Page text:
These authors contributed equally to this work
Application of DNA barcoding for identification of freshwater carnivorous fish diets: Is number of prey items dependent on size class for Micropterus salmoides?
Article first published online: 23 DEC 2013
© 2013 The Authors. Ecology and Evolution published by John Wiley & Sons Ltd.
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Ecology and Evolution
Volume 4, Issue 2, pages 219–229, January 2014
How to Cite
Ecology and Evolution 2014; 4(2):219–229.
- Issue published online: 20 JAN 2014
- Article first published online: 23 DEC 2013
- Manuscript Accepted: 24 NOV 2013
- Manuscript Revised: 14 NOV 2013
- Manuscript Received: 22 JUL 2013
- Basic Science Research Program
- National Research Foundation of Korea
- Ministry of Education. Grant Number: NRF-2012-R1A6A3A04040793
- Diet analysis;
- DNA barcoding;
- freshwater fish;
- predator–prey interaction;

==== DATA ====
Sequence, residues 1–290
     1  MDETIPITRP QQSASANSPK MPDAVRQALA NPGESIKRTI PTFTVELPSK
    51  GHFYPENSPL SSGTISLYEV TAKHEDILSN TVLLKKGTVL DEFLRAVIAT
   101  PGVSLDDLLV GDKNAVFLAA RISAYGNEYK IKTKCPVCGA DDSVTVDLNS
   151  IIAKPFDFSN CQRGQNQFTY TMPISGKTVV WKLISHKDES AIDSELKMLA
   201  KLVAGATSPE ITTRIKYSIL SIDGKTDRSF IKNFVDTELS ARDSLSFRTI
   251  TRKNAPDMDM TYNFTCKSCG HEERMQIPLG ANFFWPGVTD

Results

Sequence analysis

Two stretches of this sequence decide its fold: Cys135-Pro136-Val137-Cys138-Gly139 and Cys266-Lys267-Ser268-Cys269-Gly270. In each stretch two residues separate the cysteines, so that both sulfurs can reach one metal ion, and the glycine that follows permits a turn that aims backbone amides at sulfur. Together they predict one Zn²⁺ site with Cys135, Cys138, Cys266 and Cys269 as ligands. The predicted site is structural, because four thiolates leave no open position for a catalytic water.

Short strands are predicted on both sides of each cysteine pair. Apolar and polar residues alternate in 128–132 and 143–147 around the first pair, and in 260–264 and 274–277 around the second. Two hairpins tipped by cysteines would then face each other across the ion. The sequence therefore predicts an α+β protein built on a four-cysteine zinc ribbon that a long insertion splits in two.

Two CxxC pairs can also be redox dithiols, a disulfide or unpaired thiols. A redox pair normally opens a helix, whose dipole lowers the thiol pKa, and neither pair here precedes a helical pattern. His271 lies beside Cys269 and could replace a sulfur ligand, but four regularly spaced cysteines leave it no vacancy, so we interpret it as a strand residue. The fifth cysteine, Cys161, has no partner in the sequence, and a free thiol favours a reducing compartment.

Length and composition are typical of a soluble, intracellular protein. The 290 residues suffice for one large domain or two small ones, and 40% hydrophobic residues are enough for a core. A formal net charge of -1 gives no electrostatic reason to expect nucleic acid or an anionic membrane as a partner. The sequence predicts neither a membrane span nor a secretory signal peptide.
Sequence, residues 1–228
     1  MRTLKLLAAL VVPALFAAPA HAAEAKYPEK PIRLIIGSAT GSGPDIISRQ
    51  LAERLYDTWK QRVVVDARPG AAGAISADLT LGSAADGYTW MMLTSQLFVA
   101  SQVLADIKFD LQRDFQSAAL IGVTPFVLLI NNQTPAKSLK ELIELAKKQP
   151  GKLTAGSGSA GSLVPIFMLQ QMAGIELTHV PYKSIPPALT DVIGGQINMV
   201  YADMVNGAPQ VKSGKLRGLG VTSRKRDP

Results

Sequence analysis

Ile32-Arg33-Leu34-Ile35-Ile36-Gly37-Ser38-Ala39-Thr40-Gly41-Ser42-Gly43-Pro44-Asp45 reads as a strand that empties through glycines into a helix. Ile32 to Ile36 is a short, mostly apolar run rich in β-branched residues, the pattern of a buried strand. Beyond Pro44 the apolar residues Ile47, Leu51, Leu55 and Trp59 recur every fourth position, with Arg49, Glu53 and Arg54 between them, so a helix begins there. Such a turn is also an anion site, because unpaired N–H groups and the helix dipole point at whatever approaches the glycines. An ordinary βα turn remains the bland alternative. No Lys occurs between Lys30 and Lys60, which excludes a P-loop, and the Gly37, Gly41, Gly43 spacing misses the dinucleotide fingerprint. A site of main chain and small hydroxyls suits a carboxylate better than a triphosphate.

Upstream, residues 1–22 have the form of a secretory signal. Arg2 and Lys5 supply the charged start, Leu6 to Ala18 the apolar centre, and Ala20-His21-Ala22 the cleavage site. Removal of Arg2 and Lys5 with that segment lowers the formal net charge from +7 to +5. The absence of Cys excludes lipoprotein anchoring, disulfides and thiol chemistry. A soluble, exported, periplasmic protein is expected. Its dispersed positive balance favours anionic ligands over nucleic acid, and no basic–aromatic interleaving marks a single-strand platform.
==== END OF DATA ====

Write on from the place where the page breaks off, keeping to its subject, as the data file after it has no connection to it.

- size class
Understanding predator–prey interactions is a major challenge in ecological studies. In particular, the accurate identification of prey is a fundamental requirement in elucidating food-web structure. This study took a molecular approach in determining the species identity of consumed prey items of a freshwater carnivorous fish (largemouth bass, Micropterus salmoides), according to their size class. Thirty randomly selected gut samples were categorized into three size classes, based on the total length of the bass. Using the universal primer for the mtDNA cytochrome oxidase I (COI) region, polymerase chain reaction (PCR) amplification was performed on unidentified gut contents and then sequenced after cloning. Two gut samples were completely empty, and DNA materials from 27 of 28 gut samples were successfully amplified by PCR (success rate: 96.4%). Sequence database navigation yielded a total of 308 clones, containing DNA from 26 prey items. They comprised four phyla, including seven classes, 12 orders, and 12 families based on BLAST and BOLD database searches. The results indicate that largemouth bass show selective preferences in prey item consumption as they mature. These results corroborate a hypothesis, presence of ontogenetic diet shift, derived through other methodological approaches. Despite the practical limitations inherent in DNA barcoding analysis, high-resolution (i.e., species level) identification was possible, and the predation patterns of predators of different sizes were identifiable. The utilization of this method is strongly recommended for determining specific predator–prey relationships in complex freshwater ecosystems.